Performance of the Ambilight alternative
All that glitters is not gold. Unfortunately, this also applies to the AI Gaming Sync Box from Govee. Despite the atmospheric and precise lighting, there is sometimes a big negative point:
The box only supports HDMI 2.0.
What does that mean for you? For example, if you have a 4K monitor or television, you will get a maximum of 60 Hertz. If you play on a FullHD monitor, it is at least 240 Hertz, with 2K it is 144 Hertz.
True, there are only a few systems that can achieve more than 60 frames per second with 4K content, and consoles are perfect for that. However, my ultrawide monitor with a resolution of 3,440 x 1,440 pixels is in the same vein and supports a maximum of 60 Hertz in combination with the Govee box, although in theory the monitor can reach up to 175 Hertz.
A frame rate of 60 Hertz may be sufficient for many games, even for someone like me who wants high FPS, but not for competitive games like League of Legends, Apex Legends and Co.
I therefore recommend the box primarily to people with a 16:9 setup who can do without DisplayPort and variable refresh rates (G-Sync, AMD Freesync). These features are completely irrelevant.
There is another problem with ultrawide monitors and game titles, which do not support this resolution. For example, if you play Elden Ring, which does not natively support a 21:9 aspect ratio, you will see large black bars on the left and right, which in turn means that the colors are not reproduced accurately by the Gaming Sync Box.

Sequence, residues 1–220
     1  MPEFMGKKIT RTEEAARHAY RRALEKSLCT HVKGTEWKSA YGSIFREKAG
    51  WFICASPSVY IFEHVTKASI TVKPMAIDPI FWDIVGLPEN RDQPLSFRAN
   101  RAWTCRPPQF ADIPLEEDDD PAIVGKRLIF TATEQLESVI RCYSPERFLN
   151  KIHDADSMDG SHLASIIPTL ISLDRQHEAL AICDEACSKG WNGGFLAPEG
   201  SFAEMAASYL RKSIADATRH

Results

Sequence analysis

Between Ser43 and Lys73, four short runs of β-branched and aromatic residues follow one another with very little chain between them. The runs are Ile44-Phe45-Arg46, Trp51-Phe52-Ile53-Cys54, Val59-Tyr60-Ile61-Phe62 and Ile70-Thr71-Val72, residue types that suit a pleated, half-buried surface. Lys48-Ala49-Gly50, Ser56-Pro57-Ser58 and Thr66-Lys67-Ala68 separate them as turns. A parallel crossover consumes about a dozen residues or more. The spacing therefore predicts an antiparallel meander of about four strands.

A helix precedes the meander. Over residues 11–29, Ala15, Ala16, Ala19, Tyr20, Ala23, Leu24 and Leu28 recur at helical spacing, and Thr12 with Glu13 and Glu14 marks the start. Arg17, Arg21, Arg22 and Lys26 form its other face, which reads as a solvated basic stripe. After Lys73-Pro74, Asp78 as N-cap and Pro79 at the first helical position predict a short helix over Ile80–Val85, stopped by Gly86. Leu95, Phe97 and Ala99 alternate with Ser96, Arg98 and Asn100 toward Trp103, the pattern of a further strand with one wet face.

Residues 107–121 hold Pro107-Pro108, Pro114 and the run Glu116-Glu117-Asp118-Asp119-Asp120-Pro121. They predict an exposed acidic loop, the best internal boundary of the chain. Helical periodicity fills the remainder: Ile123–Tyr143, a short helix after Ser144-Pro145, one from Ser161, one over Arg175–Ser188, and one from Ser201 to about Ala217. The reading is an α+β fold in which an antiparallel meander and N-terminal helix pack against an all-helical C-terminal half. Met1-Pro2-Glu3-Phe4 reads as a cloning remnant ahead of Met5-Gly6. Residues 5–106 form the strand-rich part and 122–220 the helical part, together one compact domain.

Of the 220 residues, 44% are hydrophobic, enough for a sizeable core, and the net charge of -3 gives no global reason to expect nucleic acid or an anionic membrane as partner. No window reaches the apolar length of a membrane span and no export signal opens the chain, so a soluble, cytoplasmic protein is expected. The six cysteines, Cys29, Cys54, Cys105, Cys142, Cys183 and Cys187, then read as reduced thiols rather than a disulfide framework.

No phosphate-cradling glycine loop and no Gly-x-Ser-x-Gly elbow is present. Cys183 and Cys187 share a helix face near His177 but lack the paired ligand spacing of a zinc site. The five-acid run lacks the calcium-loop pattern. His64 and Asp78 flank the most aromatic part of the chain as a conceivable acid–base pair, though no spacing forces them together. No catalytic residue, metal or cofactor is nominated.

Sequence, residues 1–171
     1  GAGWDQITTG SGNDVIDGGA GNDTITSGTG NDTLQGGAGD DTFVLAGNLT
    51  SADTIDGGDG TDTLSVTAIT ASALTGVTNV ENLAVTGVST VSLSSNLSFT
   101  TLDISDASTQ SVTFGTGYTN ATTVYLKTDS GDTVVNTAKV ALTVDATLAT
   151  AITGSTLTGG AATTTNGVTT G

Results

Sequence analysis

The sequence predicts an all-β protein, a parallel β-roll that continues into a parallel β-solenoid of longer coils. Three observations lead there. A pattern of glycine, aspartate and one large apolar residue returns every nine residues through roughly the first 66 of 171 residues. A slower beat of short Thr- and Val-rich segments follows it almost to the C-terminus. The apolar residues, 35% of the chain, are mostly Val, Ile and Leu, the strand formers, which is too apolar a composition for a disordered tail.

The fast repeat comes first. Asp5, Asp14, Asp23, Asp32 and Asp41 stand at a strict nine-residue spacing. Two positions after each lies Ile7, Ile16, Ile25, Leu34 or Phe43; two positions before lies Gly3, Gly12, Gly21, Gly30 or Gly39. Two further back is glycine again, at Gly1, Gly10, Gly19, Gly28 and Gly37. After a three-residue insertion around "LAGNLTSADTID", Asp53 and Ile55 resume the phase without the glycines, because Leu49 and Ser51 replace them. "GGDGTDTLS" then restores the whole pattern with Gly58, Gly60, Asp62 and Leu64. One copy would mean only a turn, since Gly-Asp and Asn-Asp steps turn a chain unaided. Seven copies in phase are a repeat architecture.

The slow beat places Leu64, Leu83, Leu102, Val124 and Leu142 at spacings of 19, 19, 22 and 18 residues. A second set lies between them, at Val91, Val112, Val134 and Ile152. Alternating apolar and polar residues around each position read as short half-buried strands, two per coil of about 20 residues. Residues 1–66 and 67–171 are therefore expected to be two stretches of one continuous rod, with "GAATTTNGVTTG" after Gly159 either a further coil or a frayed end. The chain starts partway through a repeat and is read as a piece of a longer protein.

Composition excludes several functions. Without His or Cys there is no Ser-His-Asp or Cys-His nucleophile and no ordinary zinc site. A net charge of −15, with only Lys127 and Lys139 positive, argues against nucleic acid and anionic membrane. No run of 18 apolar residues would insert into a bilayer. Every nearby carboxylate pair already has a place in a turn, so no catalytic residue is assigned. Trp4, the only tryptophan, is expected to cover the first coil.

HDR is still possible, as is Dolby Vision. However, with HDR turned on, my monitor briefly loses signal when I start a game or return to the desktop from full screen mode.
A problem that does not occur without the HDR option activated in the Windows settings. Furthermore, I was unable to measure a significantly higher input latency when using the Sync Box.
|Monitor: 27 inches, 34 inches
TV: 55 inches, 65 inches
|4K: 60 Hertz
2K: 144 Hertz
1080p: 240 Hertz
|WiFi (2,4 GHz), Bluetooth
|2x USB-C IN (for the light bars)
1x HDMI OUT
3x HDMI 2.0 IN (1x mit ARC)
1x power connector
|10 x 23 x 45 Zentimeter
|App, box, voice control
The Ambilight alternative from Govee for retrofitting is not the right choice for me personally, which is particularly unfortunate. Because the box itself does a lot of things damn right and gave me some entertaining and often amazed hours.
If you have an ultrawide monitor like me, I can unfortunately only recommend the Sync Box to a limited extent. If, on the other hand, you use a 16:9 setup and can do without DisplayPort, HDMI 2.1 and variable refresh rates such as G-Sync and AMD Freesync, then take a closer look at the box if you are interested.
It can be worth it if you don’t want to run away from the high price of 299 euros (RRP).
Also note that light strips are currently only supported for 27″ and 34″ monitors and 55″ and 65″ TVs.
Personally, I’m waiting for a possible successor with HDMI 2.1 supportin order to get above the 60 Hertz mark in competitive games and to be able to benefit from the lighting effects.
Because for me they are the biggest highlight of the box, next to the reliable AI.